In a lot of cases, our health insurance coverage comes from a group plan that is offered to you by your employer or by your spouseâs employer. For individuals who do not have insurance through their employer, individual policies exist as an option as well.Â
Of course, you can also opt for having no coverage at all, but in the case of an emergency, this could be detrimental to your financial health. No matter your age or marital status, itâs worth looking into your options for a good health care plan to protect yourself from a medically-induced financial struggle.Â
No matter what kind of plan you choose, there will always be some out-of-pocket expenses, which means youâll have some decisions to make. Deciding what type of healthcare plan to choose can be stressful, but it doesnât have to be overwhelming. In the sections below, we will discuss the key factors that play into choosing the right health insurance plan.Â
Types of health plans availableÂ
There are a lot of different terms to learn when sorting through health insurance plans, and each of them come with their own set of distinctions. Before we discuss the difference between HMOs, PPOs, POS Plans and Indemnity plans, itâs important to start with the most common types of health insurance categories:Â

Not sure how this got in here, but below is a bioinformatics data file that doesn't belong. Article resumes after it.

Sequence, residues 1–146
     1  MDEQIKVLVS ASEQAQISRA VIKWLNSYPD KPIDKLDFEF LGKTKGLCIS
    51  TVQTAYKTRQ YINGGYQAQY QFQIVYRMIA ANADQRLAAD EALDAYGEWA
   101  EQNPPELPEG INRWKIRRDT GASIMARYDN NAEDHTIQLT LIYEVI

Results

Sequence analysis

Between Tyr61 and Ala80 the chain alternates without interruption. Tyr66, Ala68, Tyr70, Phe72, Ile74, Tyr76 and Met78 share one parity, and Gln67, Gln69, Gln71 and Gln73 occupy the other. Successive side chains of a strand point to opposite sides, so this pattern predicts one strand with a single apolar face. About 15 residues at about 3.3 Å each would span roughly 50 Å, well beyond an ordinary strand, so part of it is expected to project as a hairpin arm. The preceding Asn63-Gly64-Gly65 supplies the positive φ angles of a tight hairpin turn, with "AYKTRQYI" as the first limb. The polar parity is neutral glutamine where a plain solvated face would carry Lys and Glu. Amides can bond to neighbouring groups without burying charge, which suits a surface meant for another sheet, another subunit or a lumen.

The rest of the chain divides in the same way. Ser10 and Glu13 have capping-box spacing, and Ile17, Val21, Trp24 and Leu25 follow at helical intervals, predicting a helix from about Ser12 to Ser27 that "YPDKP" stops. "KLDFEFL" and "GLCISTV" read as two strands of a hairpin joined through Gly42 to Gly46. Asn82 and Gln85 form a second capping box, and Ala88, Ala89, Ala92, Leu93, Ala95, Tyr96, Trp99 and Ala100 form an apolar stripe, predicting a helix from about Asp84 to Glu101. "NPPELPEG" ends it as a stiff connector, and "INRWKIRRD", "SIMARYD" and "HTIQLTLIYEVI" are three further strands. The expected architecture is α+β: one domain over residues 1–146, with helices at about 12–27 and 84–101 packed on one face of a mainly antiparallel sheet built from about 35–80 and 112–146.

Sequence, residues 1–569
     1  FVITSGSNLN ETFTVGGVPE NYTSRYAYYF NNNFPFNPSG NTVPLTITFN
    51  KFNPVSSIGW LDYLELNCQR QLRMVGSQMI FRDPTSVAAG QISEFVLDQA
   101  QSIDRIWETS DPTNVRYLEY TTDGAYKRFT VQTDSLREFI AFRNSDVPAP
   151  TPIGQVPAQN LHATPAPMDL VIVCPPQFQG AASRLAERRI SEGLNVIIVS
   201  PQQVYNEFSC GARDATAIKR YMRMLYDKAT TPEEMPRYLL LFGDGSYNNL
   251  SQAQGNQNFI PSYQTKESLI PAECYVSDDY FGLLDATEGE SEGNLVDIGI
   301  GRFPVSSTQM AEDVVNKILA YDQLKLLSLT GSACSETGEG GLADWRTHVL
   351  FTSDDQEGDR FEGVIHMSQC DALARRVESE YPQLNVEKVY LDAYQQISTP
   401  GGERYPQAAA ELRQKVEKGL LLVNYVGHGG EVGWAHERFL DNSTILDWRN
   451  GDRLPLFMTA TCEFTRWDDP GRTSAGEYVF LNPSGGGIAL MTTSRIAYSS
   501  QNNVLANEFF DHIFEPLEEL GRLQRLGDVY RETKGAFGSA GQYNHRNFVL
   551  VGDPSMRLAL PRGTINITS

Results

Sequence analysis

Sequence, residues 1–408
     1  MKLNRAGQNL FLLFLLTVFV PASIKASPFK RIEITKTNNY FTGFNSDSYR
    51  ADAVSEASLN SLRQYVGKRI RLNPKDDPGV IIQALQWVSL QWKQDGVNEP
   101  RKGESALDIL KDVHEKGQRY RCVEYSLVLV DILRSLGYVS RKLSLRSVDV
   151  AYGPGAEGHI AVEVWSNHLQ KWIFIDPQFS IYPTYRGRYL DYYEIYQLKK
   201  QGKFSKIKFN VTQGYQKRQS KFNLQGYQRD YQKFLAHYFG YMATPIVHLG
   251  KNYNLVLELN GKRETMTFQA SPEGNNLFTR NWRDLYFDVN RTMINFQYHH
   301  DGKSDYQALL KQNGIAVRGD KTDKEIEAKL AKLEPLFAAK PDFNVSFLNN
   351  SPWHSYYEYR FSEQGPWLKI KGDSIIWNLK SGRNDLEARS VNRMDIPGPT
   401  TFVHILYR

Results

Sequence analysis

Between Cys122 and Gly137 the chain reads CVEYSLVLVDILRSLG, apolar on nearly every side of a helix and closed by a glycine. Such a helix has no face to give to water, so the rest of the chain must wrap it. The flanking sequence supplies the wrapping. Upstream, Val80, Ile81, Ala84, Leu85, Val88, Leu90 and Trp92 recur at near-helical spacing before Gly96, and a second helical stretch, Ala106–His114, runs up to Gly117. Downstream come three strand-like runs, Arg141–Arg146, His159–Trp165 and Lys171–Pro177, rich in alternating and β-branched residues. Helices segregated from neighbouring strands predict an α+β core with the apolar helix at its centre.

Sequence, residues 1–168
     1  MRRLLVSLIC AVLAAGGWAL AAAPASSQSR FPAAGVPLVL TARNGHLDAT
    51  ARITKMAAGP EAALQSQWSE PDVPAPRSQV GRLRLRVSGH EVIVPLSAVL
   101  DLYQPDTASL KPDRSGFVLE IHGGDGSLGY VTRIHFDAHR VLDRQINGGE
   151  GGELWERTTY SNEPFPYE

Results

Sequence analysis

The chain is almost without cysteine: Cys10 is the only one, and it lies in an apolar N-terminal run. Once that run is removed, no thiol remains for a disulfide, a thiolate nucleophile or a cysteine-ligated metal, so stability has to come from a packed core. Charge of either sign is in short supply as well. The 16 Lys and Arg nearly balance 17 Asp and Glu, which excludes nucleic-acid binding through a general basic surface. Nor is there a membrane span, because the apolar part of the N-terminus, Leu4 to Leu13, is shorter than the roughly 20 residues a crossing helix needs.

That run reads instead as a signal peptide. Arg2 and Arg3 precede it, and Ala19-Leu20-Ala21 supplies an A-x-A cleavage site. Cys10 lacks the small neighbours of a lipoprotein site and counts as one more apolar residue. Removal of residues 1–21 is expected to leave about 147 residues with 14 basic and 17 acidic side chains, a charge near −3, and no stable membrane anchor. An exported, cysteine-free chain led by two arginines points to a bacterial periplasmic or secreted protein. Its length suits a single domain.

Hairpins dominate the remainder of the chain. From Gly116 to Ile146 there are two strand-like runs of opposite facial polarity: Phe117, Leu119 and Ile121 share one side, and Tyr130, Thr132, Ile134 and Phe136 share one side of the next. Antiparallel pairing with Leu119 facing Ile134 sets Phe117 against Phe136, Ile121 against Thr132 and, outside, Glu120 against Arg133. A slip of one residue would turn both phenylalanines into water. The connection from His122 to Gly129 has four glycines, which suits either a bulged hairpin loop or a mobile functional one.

- Indemnity of Fee-for-Service Plans: Health insurance plans that enable you to go to any doctor or specialist that you want without a referral are called indemnity, fee-for-service, or point of service (POS) plans. The insurance company will cover a predetermined amount of your medical expenses, and you will be responsible for the remaining balance. These plans tend to be the most flexible since there are no set restrictions on the medical providers youâre allowed to use, and you are usually not required to choose a primary care physician.Â
- Health Maintenance Organizations (HMOs): A Health Maintenance Organization (HMO) is a band of healthcare professionals and medical facilities that offer a set package of medical services at a fixed rate. This plan does require that you have a primary care physician (PCP), who would serve as the middle-man when it comes to health care. Your primary care physician would then decide whether or not seeking out a specialist is necessary. If your PCP finds it necessary for you to see a specialist, they will then issue you an in-network referral.Â